Aging really is a matter of perspective.
Take Dori deVries. She turned 79 in December, but you don't find her shying away from soon becoming an octogenarian.
She's embracing it.
deVries will compete in the 80s age category of the 29th annual Asics World Tennis Classic, which starts Jan. 23 based at the Mission Hills Country Club in Rancho Mirage. The tournament runs through Jan. 31 and also makes use of the Monterey Country Club, Rancho Las Palmas Country Club, the J.W. Marriott Desert Springs Resort, Palm Valley Country Club and the Westin Mission Hills Resort.
Graydon Nichols hits 91 in time for the tournament.
deVries, who splits time between her homes in Rancho Mirage and Reno, Nev., began playing tennis when she was nearing 40. The tournament has given her reason to look at aging as an opportunity.
“In tennis, it’s all about the camaraderie and competition but people need to see the hopes and happiness it brings to you,” said deVries, who competes internationally on all four surfaces year 'round. “When you see an older person out there fighting like a teenager, moving, being smarter, there's a real spirit there.
“Now that I'm moving into the 80s, it's a new beginning and some of the 80s (players) in some ways are very strong," she adds. “It's really good tennis. Really, they keep getting better.”
deVries will be one of more than 750 players to compete in age groups starting at 35-plus to 90-plus for men's and women's singles, doubles, and mixed doubles. National champions will be crowned and some of the best players in the nation will also compete for Super Category II status (one step below national champion level) at the main venue.
John Powless is currently ranked No. 1 in the 80s age category by the USTA.
All events are free to the public with a complete listing of start times and division on the event website. The Mixed 50s, Mixed 60s and Mixed 70s events are now USTA Category I with gold, silver, and bronze balls awarded.
Last year’s event brought participants from 28 states and a handful of international players to make it a global competition and the largest senior event in the world, according to the website and tournament directors.
“The tournament is very well run, it's in Palm Springs and the Coachella Valley at the end of January, so people make a vacation out of it,” says Ed Trost, who shares tournament director honors with Jayne Robertson. “They come for tennis — this is the final stop of what players call the desert circuit (other events were held at Monterey C.C., Plaza Racquet Club and Palm Springs Tennis Club)– and they stay or they come back year after year. Players feel like they’re welcome here and there's a laid-back atmosphere.”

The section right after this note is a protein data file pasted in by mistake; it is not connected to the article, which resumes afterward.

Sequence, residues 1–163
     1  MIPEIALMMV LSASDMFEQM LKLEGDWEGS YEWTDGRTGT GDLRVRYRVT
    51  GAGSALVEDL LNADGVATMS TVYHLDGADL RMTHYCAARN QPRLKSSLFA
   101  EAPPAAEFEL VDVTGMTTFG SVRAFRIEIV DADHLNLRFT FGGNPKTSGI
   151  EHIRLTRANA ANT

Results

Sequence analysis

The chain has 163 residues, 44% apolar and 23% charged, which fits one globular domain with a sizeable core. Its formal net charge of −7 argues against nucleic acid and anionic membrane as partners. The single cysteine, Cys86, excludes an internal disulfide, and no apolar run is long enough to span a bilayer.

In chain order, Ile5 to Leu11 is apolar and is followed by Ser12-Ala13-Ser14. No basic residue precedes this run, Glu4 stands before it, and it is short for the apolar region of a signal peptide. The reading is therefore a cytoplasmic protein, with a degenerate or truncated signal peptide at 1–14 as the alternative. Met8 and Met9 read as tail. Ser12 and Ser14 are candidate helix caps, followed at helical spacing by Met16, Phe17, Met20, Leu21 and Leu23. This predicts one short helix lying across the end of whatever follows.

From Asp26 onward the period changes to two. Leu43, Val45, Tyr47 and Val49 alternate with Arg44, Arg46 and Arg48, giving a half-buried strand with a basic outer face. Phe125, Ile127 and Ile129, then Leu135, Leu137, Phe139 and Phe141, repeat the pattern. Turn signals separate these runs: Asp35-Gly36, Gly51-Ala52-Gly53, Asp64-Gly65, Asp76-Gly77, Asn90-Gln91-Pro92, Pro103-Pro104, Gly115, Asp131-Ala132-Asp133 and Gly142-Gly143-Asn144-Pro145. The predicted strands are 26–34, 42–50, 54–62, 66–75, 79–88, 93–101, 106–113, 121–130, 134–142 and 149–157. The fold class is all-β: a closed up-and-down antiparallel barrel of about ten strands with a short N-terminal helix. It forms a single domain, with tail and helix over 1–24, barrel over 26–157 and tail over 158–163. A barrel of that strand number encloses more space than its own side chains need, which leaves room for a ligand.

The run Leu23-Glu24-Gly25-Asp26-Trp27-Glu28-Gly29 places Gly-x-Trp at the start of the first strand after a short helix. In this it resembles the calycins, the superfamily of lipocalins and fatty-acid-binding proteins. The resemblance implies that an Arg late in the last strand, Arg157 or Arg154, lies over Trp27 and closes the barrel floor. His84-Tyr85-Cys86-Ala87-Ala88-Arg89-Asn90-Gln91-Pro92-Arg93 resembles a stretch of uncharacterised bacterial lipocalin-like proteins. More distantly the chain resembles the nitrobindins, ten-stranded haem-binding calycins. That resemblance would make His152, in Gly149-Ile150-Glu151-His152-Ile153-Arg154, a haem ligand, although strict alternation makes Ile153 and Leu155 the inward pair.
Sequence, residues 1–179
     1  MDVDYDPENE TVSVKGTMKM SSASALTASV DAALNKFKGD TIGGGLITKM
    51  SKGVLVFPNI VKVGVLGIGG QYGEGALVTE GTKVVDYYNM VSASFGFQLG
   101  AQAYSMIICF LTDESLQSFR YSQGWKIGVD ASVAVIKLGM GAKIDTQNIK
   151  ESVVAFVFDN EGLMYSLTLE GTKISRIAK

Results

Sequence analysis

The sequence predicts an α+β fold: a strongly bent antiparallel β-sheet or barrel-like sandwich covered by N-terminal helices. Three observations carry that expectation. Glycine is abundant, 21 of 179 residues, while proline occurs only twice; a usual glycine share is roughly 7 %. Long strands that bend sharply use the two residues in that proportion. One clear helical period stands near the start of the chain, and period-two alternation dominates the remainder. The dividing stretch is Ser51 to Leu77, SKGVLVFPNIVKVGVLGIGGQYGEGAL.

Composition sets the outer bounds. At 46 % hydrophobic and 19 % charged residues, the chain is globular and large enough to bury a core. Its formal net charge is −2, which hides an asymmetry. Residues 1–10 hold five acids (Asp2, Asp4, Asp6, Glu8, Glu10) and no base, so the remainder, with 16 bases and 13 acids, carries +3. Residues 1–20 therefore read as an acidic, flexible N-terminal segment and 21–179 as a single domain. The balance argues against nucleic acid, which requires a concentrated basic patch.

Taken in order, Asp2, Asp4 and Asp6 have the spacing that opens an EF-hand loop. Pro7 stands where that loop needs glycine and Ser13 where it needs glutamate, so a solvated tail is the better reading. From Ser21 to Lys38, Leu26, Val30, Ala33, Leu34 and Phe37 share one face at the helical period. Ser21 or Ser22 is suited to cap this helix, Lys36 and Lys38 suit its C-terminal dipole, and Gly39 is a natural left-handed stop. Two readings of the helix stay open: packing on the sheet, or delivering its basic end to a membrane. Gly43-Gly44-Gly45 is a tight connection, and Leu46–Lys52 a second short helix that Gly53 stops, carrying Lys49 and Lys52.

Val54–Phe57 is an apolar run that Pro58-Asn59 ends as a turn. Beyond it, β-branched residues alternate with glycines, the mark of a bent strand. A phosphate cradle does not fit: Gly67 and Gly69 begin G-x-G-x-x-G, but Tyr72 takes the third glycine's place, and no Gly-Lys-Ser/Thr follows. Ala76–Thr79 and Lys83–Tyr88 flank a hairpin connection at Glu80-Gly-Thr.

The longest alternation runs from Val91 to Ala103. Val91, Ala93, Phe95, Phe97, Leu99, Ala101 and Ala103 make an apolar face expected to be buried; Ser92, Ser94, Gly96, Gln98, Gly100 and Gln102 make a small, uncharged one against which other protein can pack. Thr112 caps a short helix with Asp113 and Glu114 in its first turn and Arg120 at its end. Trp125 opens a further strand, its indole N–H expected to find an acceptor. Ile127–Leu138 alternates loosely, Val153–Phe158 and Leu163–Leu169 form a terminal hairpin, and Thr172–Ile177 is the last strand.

photo courtesy of ed trost
Jayne Robertson and Ed Trost share tournament director duties and are also married.
John Powless returns on a regular basis. He's also one of the best in the world, currently ranked No. 1 in the 80s by the USTA. The former University of Wisconsin head tennis coach who also coached the Badgers' men's basketball team, Powless once held the No. 1 ranking in two age divisions at the same time and continues his high level of play despite having both knees replaced.
Graydon Nichols will mark his 91st birthday just prior to the tournament, and the part-time Rancho Mirage resident is another longtime participant on the super senior circuit.
“The (entrants) draws are pretty small (in the 90s) but it still brings out the competitive juices,” said Nichols, who first played competitively in high school. “You don't just want to sit in a chair… do something fun and interact. Everything you hear about is to get out and move, do something.”
ASICS World Tennis Classic, Jan. 23-31, Mission Hills Tennis Club, 34600 Mission Hills Drive, Rancho Mirage, 760-325-7693; www.worldtennisclassic.net
Patti Myers covers all sports from preps to pros and has been along the sidelines for more than 30 years, the first 20 in the middle of sports-crazed Boston. Reach her at firstname.lastname@example.org